After both sides rested, Woodard renewed his motion for judgment of acquittal (as to Counts Two and Five). The court took the motion under advisement, then held a charge conference. The court planned to charge the jury both before and after the parties' closing arguments. The instructions prior to closing argument would cover the substantive law, e.g., the elements of the offenses, the burden of proof, and the jury's duty in determining witness credibility and weighing the evidence. The instructions following closing argument would inform the jury how it should proceed during deliberations.
Woodard requested the court to include the following instruction on “mere presence” (at the scene of the crime) as part of the court's charge on the Count Two offense, possession of marijuana with intent to distribute:
Of course, mere presence at the scene of a transaction or event or the mere fact that certain persons may have associated with each other does not, standing alone, establish either actual or constructive possession.12
Woodard also asked the court to instruct the jury on the definition of possession as follows:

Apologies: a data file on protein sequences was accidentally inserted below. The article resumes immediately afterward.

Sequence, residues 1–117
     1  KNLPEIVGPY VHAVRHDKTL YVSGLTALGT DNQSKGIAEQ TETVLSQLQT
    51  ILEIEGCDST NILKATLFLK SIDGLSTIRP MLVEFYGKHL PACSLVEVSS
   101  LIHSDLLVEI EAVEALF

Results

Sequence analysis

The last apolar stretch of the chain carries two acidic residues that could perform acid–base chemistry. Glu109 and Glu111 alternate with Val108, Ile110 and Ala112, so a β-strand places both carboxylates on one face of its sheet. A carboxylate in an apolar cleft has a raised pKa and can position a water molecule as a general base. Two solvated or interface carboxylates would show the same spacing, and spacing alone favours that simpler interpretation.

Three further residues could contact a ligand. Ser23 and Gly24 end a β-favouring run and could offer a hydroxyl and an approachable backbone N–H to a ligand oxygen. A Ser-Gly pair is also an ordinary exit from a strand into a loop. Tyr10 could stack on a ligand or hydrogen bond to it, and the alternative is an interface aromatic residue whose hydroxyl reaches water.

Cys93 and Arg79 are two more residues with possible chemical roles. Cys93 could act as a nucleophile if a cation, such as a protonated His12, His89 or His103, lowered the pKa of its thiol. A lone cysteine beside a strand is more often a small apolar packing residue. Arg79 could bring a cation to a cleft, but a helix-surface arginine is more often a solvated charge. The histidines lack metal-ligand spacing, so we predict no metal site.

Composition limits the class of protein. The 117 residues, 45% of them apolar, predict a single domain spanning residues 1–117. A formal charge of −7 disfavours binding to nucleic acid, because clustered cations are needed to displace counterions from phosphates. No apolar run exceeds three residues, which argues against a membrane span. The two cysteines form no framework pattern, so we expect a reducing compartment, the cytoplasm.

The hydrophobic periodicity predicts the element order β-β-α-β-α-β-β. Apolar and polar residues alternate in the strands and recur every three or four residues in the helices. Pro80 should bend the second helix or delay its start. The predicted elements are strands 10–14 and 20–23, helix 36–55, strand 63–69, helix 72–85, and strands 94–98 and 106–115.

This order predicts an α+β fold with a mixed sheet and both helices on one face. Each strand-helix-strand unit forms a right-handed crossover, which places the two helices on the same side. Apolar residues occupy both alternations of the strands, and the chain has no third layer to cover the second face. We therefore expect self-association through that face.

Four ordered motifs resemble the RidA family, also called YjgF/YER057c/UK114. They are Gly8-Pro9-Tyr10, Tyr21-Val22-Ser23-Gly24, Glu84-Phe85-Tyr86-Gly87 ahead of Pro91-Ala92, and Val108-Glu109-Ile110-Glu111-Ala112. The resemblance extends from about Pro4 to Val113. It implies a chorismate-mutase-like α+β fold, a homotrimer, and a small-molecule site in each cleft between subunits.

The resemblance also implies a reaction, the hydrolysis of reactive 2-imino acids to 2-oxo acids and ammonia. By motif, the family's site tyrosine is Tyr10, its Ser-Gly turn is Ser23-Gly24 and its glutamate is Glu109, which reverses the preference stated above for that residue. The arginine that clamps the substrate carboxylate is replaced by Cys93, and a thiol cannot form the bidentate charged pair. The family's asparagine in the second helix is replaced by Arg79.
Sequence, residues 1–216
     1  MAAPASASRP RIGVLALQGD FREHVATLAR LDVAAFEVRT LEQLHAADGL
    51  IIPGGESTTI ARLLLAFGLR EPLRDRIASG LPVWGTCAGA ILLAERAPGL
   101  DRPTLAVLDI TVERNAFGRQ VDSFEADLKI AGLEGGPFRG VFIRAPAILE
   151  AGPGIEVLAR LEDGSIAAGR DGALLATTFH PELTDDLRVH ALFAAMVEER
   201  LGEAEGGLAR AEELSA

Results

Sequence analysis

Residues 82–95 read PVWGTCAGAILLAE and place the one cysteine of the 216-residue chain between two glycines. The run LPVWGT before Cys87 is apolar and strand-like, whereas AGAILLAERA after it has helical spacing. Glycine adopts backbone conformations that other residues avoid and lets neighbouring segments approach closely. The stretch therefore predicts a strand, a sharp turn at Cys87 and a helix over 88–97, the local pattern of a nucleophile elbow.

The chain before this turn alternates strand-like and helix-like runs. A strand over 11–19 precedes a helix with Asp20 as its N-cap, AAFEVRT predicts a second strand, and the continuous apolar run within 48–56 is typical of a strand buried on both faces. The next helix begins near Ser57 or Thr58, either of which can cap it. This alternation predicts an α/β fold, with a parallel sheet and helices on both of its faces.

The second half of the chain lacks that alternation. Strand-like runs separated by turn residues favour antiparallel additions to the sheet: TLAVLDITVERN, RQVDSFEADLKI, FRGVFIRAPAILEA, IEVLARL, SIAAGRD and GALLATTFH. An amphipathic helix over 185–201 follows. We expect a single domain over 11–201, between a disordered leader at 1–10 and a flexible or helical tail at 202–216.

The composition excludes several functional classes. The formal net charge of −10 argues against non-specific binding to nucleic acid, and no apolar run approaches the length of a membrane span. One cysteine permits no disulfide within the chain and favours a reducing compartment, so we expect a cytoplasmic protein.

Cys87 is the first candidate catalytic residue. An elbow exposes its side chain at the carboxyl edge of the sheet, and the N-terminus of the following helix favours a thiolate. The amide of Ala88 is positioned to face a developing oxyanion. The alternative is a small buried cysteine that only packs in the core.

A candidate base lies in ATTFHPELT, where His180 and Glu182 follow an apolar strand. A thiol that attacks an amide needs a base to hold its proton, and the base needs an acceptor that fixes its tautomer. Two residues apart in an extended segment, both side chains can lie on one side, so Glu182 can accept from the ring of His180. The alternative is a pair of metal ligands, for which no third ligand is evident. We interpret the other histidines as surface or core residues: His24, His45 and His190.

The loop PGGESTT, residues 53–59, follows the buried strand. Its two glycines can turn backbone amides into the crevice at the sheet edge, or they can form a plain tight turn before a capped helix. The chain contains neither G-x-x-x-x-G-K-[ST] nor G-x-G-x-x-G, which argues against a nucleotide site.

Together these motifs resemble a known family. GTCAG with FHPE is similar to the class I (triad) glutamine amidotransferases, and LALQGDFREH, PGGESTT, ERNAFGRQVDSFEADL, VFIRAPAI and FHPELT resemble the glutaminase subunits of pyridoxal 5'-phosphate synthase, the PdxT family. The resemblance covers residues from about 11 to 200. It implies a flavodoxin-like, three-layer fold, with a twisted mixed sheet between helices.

To establish constructive possession, the government must produce evidence showing ownership, dominion, control over the contraband itself or the premises or vehicles in which contraband is concealed. These are basic principles. Even knowledge, approval of, or acquiescence in the acts of someone else without a specific intention to aid and assist that activity is not sufficient to establish actual or constructive possession.
The court agreed to incorporate in a portion of the suggested “mere presence” language but rejected Woodard's proposed definition of possession. The court's instruction to the jury read, in relevant part: